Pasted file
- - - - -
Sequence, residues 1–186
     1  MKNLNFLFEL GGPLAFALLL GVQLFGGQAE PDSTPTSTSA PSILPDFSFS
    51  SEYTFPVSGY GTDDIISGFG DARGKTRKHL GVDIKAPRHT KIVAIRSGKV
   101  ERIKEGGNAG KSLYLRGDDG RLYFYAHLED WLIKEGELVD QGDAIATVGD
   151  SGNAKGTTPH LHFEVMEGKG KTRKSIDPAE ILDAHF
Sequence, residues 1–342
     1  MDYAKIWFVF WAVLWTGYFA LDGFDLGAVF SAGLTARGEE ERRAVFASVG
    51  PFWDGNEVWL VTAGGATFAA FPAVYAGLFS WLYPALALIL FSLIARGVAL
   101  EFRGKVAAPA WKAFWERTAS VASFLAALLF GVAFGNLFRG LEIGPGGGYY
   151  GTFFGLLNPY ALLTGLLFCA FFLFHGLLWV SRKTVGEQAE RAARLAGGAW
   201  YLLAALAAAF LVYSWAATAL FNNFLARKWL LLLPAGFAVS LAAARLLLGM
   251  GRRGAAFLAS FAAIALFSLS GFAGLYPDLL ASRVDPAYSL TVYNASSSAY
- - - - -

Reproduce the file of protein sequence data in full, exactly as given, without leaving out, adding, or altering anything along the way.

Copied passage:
Sequence, residues 1–186
     1  MKNLNFLFEL GGPLAFALLL GVQLFGGQAE PDSTPTSTSA PSILPDFSFS
    51  SEYTFPVSGY GTDDIISGFG DARGKTRKHL GVDIKAPRHT KIVAIRSGKV
   101  ERIKEGGNAG KSLYLRGDDG RLYFYAHLED WLIKEGELVD QGDAIATVGD
   151  SGNAKGTTPH LHFEVMEGKG KTRKSIDPAE ILDAHF
Sequence, residues 1–342
     1  MDYAKIWFVF WAVLWTGYFA LDGFDLGAVF SAGLTARGEE ERRAVFASVG
    51  PFWDGNEVWL VTAGGATFAA FPAVYAGLFS WLYPALALIL FSLIARGVAL
   101  EFRGKVAAPA WKAFWERTAS VASFLAALLF GVAFGNLFRG LEIGPGGGYY
   151  GTFFGLLNPY ALLTGLLFCA FFLFHGLLWV SRKTVGEQAE RAARLAGGAW
   201  YLLAALAAAF LVYSWAATAL FNNFLARKWL LLLPAGFAVS LAAARLLLGM
   251  GRRGAAFLAS FAAIALFSLS GFAGLYPDLL ASRVDPAYSL TVYNASSSAY